Information on Marketing Channels and Prices for Fluid Milk
RCED-98-70: Published: Mar 16, 1998. Publicly Released: Apr 10, 1998.
- Full Report:
Pursuant to a congressional request, GAO reviewed aspects of milk marketing and pricing in the United States, focusing on the: (1) entities that handle the fluid market from the time it leaves the farm to the time it is sold to the consumer, including regional variations; (2) Bureau of Labor Statistics' price indexes at farm, processor, and retail levels of milk, processed dairy products, and cheese for December 1990 through September 1997; (3) Agricultural Marketing Service's data for dairy cooperatives' announced Class 1 prices and retail milk prices for 28 cities for January 1991 through September 1997; and (4) results of the Economic Research Service's study of changes in retail prices for dairy products and eight other food groups.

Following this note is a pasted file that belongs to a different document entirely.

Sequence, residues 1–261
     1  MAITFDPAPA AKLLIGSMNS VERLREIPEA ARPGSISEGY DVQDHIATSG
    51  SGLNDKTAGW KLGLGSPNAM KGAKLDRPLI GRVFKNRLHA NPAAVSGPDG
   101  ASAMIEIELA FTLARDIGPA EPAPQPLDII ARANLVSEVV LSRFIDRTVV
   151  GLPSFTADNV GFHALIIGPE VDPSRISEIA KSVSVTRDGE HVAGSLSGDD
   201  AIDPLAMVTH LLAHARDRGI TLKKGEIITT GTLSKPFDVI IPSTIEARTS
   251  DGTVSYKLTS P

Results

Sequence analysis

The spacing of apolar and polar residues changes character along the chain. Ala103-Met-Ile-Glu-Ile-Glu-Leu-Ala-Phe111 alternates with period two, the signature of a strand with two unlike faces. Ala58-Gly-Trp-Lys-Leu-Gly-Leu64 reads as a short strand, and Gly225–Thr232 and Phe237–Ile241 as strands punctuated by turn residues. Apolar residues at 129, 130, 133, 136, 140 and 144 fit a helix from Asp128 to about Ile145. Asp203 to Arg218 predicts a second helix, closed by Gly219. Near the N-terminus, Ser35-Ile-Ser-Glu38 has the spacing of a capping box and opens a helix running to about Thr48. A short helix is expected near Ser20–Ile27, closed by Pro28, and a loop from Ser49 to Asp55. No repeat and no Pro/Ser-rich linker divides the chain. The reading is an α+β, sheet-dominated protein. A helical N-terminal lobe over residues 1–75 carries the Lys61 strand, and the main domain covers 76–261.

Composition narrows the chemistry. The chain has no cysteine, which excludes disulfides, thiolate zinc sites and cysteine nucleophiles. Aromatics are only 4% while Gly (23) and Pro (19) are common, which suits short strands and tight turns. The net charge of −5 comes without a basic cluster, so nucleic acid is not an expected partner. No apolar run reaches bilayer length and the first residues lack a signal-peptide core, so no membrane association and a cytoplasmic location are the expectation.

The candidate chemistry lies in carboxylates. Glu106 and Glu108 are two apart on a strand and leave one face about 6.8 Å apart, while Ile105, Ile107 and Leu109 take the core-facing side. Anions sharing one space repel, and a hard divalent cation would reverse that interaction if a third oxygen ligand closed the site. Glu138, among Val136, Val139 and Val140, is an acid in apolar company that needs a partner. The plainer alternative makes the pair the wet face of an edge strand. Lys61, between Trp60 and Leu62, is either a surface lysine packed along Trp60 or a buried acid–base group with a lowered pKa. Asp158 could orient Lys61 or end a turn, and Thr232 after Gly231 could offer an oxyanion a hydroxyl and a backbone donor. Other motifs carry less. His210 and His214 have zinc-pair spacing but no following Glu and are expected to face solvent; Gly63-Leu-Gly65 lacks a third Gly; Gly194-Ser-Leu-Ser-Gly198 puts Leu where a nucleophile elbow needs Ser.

GAO noted that: (1) the majority of milk used to produce fluid milk in the United States passes from the farm to dairy cooperatives; (2) however, most of the milk for fluid use is not processed by dairy cooperatives but is sold to retail food chains, companies that own multiple bottling plants, and independent bottlers that process it into fluid milk for sale to consumers; (3) each entity that is involved in the processing and marketing of fluid milk adds value to the product and receives a portion of the spread between the farm and retail fluid milk prices; (4) consequently, the number and types of entities that make up a particular pathway and their related market share may have a significant effect on the amount of the farm-to-retail price spread that can be attributed to any one entity or group of entities; (5) GAO found that these factors differ in each of the seven milk-producing regions of the United States; (6) GAO found that the Bureau of Labor Statistics' price indexes for all uses of milk and at all levels rose overall from September 1991 through September 1997; (7) the percent increases in the retail-level price indexes for whole milk, processed dairy products, and cheese were substantially higher than the percent increases in the farm-level price indexes for milk used for fluid and manufactured products for this period of time; (8) however, during this period of time, the farm-level price indexes were relatively more volatile than their retail-level counterparts; (9) in addition, the Agricultural Marketing Service's data show that from 1991 through the first 9 months of 1997, the average difference between the retail price and the announced cooperative price for a gallon of milk in 28 cities increased from $1.12 to $1.30, on the basis of nominal prices that have not been adjusted for inflation; (10) GAO also found that the average price spread varied significantly across the 28 cities during this period; (11) information from the Economic Research Service shows that from 1990 through 1996, all foods in the Department of Agriculture market basket, including dairy products, experienced retail price increases; and (12) while the retail price for dairy products increased by 12.3 percent during this period, the retail price increase for other products in this market basket ranged from 8.8 to 39.3 percent.